Medium and extended trot both have to be mastered if you want to go up the levels in dressage and eventing. And it is easier than you think. Some horses can naturally lengthen their stride, so if yours is one of them, then when you are preparing to ride your first Novice test, medium trot is required for the first time at novice, you should not have much trouble. Others may need a bit more help, but you should find that most horses will happily oblige once they understand what you are asking them to do. It is important to really understand what the trot is and how your horse should be moving in order to improve and lengthen his stride.
What is the trot?
The trot is a two-time pace where the horse moves his legs in diagonal pairs, plus there is a moment of suspension when all four legs are off the ground. Ideally, and essentially at the higher levels, the horse should work in good, uphill balance with his hind legs stepping well under his body. He should be supple through his top-line and seeking a rein contact. If your horse’s trot does not feel up to scratch, do not panic. Here are some common trot problems we encounter, with some simple solutions, too. I find they work well for my horses, so give them a go.
You can do this whilst hacking, you don’t even need an arena!
If you have access to a long, not- too-steep hill, then use it to your advantage. Take a light seat, but do not give the rein away, and do not allow your horse to fall onto the forehand. You should find your horse naturally reaches with his stride more than he would on flat ground, so encourage him. Or if you have a friend who has a horse with an established medium trot, trot up the hill beside them and watch your horse really open up!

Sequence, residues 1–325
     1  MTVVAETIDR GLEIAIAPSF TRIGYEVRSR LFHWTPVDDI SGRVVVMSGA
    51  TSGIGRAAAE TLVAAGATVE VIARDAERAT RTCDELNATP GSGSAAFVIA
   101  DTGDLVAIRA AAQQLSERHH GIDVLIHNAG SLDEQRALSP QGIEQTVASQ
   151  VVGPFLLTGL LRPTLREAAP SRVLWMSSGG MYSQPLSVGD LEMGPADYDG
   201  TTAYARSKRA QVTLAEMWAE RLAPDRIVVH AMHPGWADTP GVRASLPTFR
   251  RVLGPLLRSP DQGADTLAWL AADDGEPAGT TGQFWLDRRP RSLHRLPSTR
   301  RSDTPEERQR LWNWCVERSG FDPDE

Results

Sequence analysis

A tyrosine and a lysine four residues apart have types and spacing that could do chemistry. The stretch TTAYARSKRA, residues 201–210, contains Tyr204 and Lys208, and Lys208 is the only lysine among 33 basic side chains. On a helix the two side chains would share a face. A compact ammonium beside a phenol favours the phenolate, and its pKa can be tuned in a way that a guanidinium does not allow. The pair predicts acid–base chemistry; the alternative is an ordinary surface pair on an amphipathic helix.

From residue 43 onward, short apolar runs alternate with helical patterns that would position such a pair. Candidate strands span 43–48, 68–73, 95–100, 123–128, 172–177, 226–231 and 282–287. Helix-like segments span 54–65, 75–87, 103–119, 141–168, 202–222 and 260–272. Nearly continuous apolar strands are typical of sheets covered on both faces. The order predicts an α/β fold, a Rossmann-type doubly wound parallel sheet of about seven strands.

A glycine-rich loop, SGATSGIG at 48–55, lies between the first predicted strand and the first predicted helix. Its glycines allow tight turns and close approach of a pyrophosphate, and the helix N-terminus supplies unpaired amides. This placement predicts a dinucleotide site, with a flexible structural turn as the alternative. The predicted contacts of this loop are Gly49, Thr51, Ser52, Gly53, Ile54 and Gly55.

Not only does the hill work develop your horses technical ability in the trot, but it also really aids his fitness work. Improved stamina and strength, especially in the hind legs, is a brilliant pay-off from this exercise and such hill work is more typically found in the eventing world where horses need exceptional stamina for the long cross-country sections of the competition. Dressage and jumping horses, although using more intense, explosive energy in a smaller time frame, rather than the endurance found in an event horse, can really benefit from this increase in fitness from the hills. The fitter the horse is, the easier he will be able to progress on and develop the new exercises.
Now it is time to get out there and put it in to practise!
Tom Davison of Davison Equestrian has been immersed in equestrian sports all his life. His father, a top Olympic Dressage rider has been a huge influence on Tom’s very successful show jumping and coaching career. Having trained with some of the best from Franke Sloothaak and Billy Twomey, he has a wealth of knowledge and experience that he departs to his pupils in a way that gets the best out of both horse and rider. For more information please visit http://www.davisonequestrian.com
Originally posted 2012-06-12 13:57:21.
Steffen Peters and Andrea Fappani share their stories. Peters, ’09 World Cup Dressage Champion and 3-time Olympian. Fappani, the youngest NRHA Million Dollar rider.
Originally posted 2012-06-09 08:02:30.
Reining 101 with Andrea Fappani